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Searching for God

The world is a different place in the darktime
After replacing light bulbs in the empty house
I walked through the scrub bushes and dunes out onto the big empty
The sky roiling with clouds, a stain of black spreading to reveal the stars
Having sinned so much and now carrying ghosts on my back
All of them revealed themselves in the night sea
I lit a cigarette and tried to stare down the black roaring shapes
But then felt frightened and had to look away

Human heads lolling in the surf
The disappointed face of God
Black masts on the horizon of others coming
Dark water, the fizzing cauldron of life, rushing up against me
The stars revealed themselves in crosses and shapes behind a certain cloud
Flashlights bobbed down the way across the sheeny night mirror of wet sand
I walked briskly down the beach thinking often of turning around and going back to the car
The car, which contained the iPhone, and all my friends and connection to the world
Instead I walked on telling myself I was searching for God
Festina lente, festina lente
No willpower to do anything anymore
But flit restlessly from task to task accomplishing none of them
Unable to do complete anything except a power walk through the darkness
Seeing shapes like upright driftwood in the distance
Scared to realize that they were people fishing in the dark
My rotten restless mind never leaving me
Thinking not of God or stars or letting the rhythm of the clouds and surf and the daunting
black beach houses pass over me
But of all that I told myself I would die if I didn’t accomplish
That I hadn’t accomplished
And of all the people I liked and didn’t like and wanted to see and what
I would say to them when I saw them, the wandering unstable, unrelenting mind
Thinking of the walk back to the car before I had gotten to the end of the beach
What would I eat when I got home and what would I eat for breakfast and what would my next
four months look like, would I spend it alone

I walked to the end
To where the brackish water met the Atlantic
And looked up at the stars and pledged to learn more about Astronomy
And then turned around and walked back down the beach
My shirt drenched in sweat, feeling like an egg cracked open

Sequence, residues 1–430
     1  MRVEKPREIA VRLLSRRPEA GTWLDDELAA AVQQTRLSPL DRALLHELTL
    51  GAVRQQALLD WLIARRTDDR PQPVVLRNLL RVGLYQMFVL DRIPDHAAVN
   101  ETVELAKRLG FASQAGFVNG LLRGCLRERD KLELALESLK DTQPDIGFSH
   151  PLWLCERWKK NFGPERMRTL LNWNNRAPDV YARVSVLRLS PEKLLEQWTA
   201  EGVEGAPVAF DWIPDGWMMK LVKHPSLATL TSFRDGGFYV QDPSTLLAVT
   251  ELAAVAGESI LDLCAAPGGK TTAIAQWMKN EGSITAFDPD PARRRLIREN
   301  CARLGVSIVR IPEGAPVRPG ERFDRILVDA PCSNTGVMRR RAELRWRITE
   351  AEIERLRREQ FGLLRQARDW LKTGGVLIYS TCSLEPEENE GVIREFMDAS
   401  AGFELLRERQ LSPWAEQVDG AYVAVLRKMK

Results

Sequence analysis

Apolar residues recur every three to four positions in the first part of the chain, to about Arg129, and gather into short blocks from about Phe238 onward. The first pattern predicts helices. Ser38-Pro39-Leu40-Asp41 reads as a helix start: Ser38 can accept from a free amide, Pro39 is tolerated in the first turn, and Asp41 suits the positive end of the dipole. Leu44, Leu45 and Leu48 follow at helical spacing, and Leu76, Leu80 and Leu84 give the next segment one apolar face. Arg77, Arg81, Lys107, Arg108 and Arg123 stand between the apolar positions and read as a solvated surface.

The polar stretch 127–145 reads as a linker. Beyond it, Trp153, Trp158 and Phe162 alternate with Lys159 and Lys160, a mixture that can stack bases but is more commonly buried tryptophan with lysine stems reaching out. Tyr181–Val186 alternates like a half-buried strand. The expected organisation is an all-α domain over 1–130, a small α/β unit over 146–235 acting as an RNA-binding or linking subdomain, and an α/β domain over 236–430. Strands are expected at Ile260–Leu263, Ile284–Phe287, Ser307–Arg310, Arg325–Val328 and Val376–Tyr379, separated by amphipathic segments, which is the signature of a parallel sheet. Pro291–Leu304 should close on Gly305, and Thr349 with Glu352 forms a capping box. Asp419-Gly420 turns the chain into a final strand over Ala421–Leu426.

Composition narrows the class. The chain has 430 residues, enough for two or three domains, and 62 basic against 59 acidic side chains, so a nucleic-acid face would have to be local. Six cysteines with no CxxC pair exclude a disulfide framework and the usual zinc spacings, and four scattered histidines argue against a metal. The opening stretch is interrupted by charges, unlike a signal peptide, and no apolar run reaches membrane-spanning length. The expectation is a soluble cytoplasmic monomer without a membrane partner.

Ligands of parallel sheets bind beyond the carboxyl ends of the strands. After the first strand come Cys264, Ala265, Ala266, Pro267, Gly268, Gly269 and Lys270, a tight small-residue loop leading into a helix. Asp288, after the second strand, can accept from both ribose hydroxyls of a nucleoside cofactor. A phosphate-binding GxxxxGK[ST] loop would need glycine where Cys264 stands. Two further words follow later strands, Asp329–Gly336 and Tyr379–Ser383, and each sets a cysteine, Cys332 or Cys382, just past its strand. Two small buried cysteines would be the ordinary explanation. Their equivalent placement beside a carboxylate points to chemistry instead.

Though I hadn’t found or spoken to God
I had thought I heard my dead father say “take care of your mother”
When I trudged through the sand back up off the beach
And across the asphalt road to where the car was parked
I got in the car and tried to wait a moment—discipline—before
Picking up my phone
And finding that all the people I had thought about had texted or called

Hard to believe that there was a time
When a massive two story building in a strip mall
Functioned as a youth pleasure dome
I can no longer feel the kind of excitement
The endorphin rush, anticipation followed by total fulfillment
The belief that all desires could be fulfilled
By a day spent in a vast maze of netting, plastic orbs and ball pits
The most advanced hologram video games (we clustered around in awe)
Virtual reality helmets and gloves, four of us
Cooperating to beat Teenage mutant ninja turtles
And the artificial day-glo jungle of the lazer tag arena
Misted in fog, our Platoon, Dien Bien Phu
Swarming with youth running
Past the rows of games
Pizza parties and birthday cake
Like the hidden foot clan warehouse full of half-pipes in Teenage Mutant Ninja Turtles
We went there as often as we could
Being an all-you-can-eat-buffet
The entrance fee was steep
We got older but continued to go there even in high school
Then us good boys, who had once found fun in RPGS, magic the gathering, movies and Exhilarama
Crawled into a wormhole of illicit pleasures
One night, years later, we climbed up the precipitous ladder by the dumpsters
And drank beer and looked at the moon and expanding pine tree line and skyscrapers of Raleigh
across the wood line off in the distance
Having discovered danger and risk diluted the wholesome magic of games
We stopped paying to go to places like that
The next time I went past the building and looked up nostalgically
To watch the kids running in to fulfill their dreams
The light-up sign outside was gone and the doors were locked and the big plate glass windows showed a gutted and emptied warehouse
An independent business built on gamer dreams was perhaps financially unsustainable
It had packed up and disappeared one day like a mirage
Like that disappearing magic store that sold dragon eggs in some bygone YA novel


Aaron Lake Smith